Top 10 College Football Outcomes That Could Determine The Election (And Republicans Should Root For)

Top 10 College Football Outcomes That Could Determine The Election (And Republicans Should Root For)

This weekend’s college football games may determine whether President Barack Obama or Mitt Romney wins the presidential election. 

To put it simply, an extensive study found if a home team wins 10 days before the election, the incumbent can expect a bump of about 1.5-3 percentage points in the team’s home county. This means Republicans on Saturday should root against big-time college football teams from swing states like Ohio, Florida, Colorado, Wisconsin, Iowa, and Michigan.

Economists Andrew Healy, Neil Malhotra, and Cecilia Hyunjung Mo make this argument in an article in the Proceedings of the National Academy of Sciences Journal titled, “Irrelevant events affect voters’ evaluations of government performance.” Their study was extensive, based on data from 62 big-time college football teams from 1964 to 2008.

The study looked at results of college football games and the corresponding impact those games had on county vote totals and found that when the home team wins 10 days before the election, the incumbent party can expect about a 1.6 percentage point boost at the polls. More importantly, if the home team is a “high-attendance” or “championship” team (think of the big-time programs like Alabama, Florida, Ohio State, USC, and Michigan that have won national titles since 1964 or the top-20 teams in average attendance — the full list of these teams can be seen here) and wins, the incumbent party can expect to gain approximately three percentage points on election day.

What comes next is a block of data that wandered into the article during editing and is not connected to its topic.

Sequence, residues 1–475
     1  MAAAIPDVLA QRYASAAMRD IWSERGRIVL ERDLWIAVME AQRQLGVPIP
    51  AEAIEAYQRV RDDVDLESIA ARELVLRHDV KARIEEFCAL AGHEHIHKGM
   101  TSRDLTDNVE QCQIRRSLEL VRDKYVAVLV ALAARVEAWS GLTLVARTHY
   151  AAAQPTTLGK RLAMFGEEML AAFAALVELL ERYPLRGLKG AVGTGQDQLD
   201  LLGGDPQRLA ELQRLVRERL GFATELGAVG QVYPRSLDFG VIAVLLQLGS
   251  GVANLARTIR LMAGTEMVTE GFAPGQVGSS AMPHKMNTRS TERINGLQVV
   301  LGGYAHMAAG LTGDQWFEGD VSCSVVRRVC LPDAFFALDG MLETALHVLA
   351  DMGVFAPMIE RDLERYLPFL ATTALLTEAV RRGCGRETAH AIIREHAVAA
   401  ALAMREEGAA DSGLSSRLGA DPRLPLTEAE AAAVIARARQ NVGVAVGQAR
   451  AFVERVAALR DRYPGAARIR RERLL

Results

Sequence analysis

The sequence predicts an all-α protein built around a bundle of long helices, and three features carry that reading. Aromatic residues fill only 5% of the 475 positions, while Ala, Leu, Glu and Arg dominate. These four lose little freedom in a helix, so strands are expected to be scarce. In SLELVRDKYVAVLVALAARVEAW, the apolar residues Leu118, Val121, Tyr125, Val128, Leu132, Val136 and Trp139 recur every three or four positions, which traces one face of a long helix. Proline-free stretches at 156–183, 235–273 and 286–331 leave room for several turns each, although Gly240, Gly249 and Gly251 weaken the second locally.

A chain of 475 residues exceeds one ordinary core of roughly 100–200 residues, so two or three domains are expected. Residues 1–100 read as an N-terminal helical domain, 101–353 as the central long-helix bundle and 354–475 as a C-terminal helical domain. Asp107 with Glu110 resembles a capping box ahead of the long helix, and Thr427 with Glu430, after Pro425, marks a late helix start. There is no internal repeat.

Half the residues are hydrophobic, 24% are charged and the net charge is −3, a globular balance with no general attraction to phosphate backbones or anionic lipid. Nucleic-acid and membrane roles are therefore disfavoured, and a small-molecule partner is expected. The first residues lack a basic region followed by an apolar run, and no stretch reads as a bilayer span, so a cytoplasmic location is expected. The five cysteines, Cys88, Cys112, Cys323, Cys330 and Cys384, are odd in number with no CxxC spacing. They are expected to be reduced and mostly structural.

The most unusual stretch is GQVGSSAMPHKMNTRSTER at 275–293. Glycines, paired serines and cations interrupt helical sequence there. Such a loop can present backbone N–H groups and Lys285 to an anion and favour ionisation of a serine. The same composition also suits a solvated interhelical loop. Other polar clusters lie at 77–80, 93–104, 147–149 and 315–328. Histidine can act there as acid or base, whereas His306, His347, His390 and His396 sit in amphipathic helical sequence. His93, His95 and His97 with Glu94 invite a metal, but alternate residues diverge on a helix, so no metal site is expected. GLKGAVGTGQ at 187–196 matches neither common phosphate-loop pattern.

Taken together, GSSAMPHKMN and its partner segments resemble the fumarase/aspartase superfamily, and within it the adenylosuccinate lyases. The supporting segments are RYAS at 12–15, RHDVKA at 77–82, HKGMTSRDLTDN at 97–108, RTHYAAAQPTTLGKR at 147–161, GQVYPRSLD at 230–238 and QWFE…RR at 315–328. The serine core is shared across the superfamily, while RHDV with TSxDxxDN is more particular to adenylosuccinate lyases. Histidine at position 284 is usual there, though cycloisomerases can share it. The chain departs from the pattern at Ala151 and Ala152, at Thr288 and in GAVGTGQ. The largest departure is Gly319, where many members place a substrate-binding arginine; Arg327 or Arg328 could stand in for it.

The study found that a win 10 days before election day “causes the incumbent to receive an additional 1.61 percentage points of the vote in Senate, gubernatorial, and presidential elections.” Further, the study concluded when a so-called “high-attendance” or “championship” team won, the incumbent party gained an additional 2.42 percentage points, bringing the total up to around three percentage points.  

According to the report, “voters who are in a positive state of mind on Election Day are likely to use their mood as a signal for the incumbent party’s success and access positive memories about the incumbent party and/or interpret past actions taken by the incumbent party more favorably.” Further, positive emotions “may cause voters to be more satisfied with the status quo,” which means those voters may be more inclined to choose the incumbent party in the election. 

“We find clear evidence that the successes and failures of the local college football team before Election Day significantly influence the electoral prospects of the incumbent party, suggesting that voters reward and punish incumbents for changes in their well-being unrelated to government performance,” the authors write. 

They note these findings “underscore the subtle power of irrelevant events in shaping important real-world decisions” and show “that events that government had nothing to do with, but that affect voters’ sense of well-being, can affect the decisions that they make on Election Day.”

How college football teams did the weekend before the election made less of an impact because, as the study found, more voters make up their minds two weekends before the election than the weekend before. 

So while many in the college football world are treating this weekend’s games as appetizers for next weekend’s Alabama versus LSU and USC versus Oregon showdowns, Saturday’s games are the most important when it comes to potentially influencing the presidential race.